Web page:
When you work as a freelance writer, you quickly learn the secrets of flying solo.
At first it can be daunting. Let’s face it: there are things you give up when you go out on your own. Like being part of a team, having colleagues to cover your back, not to mention the perks of full-time employment – the comfort of knowing you will be paid at the end of the month.
Then there are the amazing upsides. There’s the satisfaction of bringing real value to a client who chooses you for their project. The focus and perspective you are able to provide while sitting on the outside. The opportunity to learn about different clients and connect with their culture. All while enjoying freedom from team meetings, office politics, and the ability to pick and choose who you go to lunch with.
Independence doesn’t come without its challenges. When you are accountable only to yourself, there are no excuses. And there are plenty of objectives. First and foremost, find work. Get it done. Get paid. read more
“This is one thing I won’t miss!” said one of my clients the other day.
We were going over the latest round of changes to a document she had asked me to draft. She may have been referring to the politics of approvals, a tendency by certain members of executive management to nitpick, too many urgent projects and not enough time. Whatever it was, it struck me then and there: there are things we love and hate about our jobs, things that we will and won’t miss when we leave.
It has been three years since I left the corporate world to pursue a different work-life balance. It was the right choice. As an independent professional, I am fortunate to have good clients who appreciate my expertise as a writer. They come to me with (mostly) interesting and varied projects; I provide them with the level of support they need – creative, strategic, flexible, reliable. I don’t mind the wordsmithing on certain jobs because I know it adds value to have a text read just right. And I also know that sometimes you just have to roll with the punches when a top executive wants to edit out the best parts.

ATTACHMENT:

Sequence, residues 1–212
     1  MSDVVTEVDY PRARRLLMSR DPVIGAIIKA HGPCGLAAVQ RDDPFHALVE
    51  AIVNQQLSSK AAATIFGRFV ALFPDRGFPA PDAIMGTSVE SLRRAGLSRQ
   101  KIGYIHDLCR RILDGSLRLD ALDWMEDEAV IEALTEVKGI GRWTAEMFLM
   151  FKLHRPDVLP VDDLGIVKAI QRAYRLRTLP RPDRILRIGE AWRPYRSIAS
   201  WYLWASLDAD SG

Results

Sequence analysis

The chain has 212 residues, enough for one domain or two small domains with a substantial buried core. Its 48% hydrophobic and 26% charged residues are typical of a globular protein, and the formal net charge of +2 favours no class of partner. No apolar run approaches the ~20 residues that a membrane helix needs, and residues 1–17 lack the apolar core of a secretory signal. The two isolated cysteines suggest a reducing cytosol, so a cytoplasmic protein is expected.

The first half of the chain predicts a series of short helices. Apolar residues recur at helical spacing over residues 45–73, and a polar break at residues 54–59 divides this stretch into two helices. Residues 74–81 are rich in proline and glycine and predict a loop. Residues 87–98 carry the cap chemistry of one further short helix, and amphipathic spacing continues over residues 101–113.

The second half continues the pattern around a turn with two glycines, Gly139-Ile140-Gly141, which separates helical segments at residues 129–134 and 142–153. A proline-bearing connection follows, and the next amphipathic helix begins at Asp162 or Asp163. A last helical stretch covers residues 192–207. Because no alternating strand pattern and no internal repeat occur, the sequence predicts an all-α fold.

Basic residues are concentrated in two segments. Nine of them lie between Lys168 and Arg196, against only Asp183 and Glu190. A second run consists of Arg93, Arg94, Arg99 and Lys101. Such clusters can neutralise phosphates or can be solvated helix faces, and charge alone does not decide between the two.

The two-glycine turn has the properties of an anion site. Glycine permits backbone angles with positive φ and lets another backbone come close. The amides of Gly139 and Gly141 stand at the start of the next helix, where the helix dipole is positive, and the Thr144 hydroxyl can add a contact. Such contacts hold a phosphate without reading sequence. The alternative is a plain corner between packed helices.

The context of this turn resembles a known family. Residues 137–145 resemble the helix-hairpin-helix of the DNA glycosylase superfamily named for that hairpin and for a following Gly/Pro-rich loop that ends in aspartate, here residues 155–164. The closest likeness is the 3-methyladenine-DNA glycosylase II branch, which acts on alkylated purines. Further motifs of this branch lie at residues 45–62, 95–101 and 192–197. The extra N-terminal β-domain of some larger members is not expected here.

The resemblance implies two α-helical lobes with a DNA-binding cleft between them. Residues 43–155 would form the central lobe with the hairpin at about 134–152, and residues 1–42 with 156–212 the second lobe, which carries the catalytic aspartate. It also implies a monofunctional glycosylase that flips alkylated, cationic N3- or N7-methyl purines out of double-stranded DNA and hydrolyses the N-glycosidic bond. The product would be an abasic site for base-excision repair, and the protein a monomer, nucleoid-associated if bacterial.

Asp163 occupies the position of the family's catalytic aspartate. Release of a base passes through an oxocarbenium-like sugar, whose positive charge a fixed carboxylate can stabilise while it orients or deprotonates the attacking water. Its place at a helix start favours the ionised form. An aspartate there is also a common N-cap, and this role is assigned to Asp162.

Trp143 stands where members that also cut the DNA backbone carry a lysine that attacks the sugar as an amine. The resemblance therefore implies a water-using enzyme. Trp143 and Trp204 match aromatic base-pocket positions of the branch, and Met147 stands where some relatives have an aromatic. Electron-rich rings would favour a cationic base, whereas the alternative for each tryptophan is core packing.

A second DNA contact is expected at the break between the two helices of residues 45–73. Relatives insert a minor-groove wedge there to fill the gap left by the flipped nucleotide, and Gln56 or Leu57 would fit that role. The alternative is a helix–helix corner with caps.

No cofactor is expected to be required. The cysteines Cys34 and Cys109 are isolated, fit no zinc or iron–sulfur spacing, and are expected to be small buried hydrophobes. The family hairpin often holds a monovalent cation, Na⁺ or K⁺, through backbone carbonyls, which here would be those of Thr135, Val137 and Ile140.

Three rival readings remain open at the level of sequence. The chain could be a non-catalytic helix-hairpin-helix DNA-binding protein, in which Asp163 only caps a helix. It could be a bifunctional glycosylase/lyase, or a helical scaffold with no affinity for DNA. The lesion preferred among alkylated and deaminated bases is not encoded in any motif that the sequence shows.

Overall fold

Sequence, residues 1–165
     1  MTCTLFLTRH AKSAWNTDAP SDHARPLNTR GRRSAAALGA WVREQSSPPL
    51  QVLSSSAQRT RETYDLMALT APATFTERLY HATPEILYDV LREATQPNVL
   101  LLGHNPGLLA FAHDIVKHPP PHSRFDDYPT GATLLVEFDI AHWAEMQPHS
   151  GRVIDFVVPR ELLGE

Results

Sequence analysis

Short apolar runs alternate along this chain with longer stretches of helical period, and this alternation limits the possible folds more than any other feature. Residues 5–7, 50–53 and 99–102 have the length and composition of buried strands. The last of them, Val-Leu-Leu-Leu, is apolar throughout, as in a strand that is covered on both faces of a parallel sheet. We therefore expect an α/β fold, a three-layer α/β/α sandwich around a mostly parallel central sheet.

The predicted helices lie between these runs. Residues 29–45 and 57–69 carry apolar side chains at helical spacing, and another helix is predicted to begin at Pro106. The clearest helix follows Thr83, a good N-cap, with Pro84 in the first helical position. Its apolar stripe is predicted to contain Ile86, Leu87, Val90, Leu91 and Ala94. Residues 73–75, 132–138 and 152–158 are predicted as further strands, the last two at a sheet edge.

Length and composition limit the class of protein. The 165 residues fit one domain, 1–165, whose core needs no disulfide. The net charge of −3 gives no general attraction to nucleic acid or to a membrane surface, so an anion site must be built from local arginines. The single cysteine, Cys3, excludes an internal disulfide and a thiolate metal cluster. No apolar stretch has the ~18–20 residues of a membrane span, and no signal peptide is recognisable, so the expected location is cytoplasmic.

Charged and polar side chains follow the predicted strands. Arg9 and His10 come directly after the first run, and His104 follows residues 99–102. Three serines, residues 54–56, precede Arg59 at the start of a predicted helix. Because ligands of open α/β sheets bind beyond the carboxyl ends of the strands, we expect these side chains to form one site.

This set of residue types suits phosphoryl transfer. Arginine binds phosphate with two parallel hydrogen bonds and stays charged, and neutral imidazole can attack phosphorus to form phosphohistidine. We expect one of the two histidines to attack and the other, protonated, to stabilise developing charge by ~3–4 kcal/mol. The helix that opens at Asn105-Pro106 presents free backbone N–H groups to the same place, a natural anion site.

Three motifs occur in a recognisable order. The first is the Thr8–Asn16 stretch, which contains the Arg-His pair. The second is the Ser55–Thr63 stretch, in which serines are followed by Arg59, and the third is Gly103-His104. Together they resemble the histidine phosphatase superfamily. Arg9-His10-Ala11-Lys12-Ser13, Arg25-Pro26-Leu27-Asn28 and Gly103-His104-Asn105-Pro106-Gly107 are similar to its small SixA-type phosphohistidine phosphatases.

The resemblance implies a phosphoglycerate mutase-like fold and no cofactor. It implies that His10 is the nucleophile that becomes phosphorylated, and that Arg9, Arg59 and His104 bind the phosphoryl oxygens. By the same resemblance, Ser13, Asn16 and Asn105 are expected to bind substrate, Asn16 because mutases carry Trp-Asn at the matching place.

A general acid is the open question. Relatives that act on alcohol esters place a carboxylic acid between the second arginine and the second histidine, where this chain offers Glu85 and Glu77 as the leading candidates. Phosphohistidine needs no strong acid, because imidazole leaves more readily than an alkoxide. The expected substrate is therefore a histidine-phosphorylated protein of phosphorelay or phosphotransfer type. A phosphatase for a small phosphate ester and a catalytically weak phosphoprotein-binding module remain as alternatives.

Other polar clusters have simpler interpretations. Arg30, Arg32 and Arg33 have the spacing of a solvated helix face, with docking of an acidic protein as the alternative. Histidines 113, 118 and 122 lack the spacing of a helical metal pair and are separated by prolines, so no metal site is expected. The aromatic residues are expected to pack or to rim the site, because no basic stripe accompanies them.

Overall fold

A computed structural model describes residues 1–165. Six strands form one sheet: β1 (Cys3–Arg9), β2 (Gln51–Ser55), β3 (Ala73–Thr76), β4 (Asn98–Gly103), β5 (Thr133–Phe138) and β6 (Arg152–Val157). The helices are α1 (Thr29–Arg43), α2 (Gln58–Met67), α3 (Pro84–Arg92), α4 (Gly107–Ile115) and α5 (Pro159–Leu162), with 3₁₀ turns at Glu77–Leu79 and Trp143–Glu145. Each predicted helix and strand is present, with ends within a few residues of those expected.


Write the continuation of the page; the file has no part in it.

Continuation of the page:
What do I miss most? There are days when I miss being part of a team. Going for coffee or lunch with people you work with and appreciate on a day-to-day basis. I miss my work family. Even though we had a few dysfunctional members and frequent moments of frustration.
What do I miss least? The endless hours wasted trying to achieve things as a group. Meetings that often felt futile; we all knew there was probably a better way but meetings were part of the process. And the commutes – I don’t miss them either. I have a dedicated home office with a door that closes and a view over beautiful Lake Geneva. I enjoy the days when I go to meet with clients or stop by my business center but the rest of the time is mine to manage.
If you left your job tomorrow, what would you miss most? Or not at all?
It wasn’t my phone: no calls, no messages. Nor was it a desktop notification from my Mac – they’re mostly disabled anyway, and I’ve also muted all sound from my keyboard so as to enable distraction-free work.
It could have been one of the smoke detectors, advising me that the battery needs replacing. Or the dishwasher, letting me know that it has completed its cycle. It may even have been my husband’s sports watch, notifying him of a complete charge.
I wander around my home office, looking for the culprit. In my mind, composing a letter of complaint to the Chief Engineer of beep technology. Surely, in this age of the internet of things, there must be a better way? read more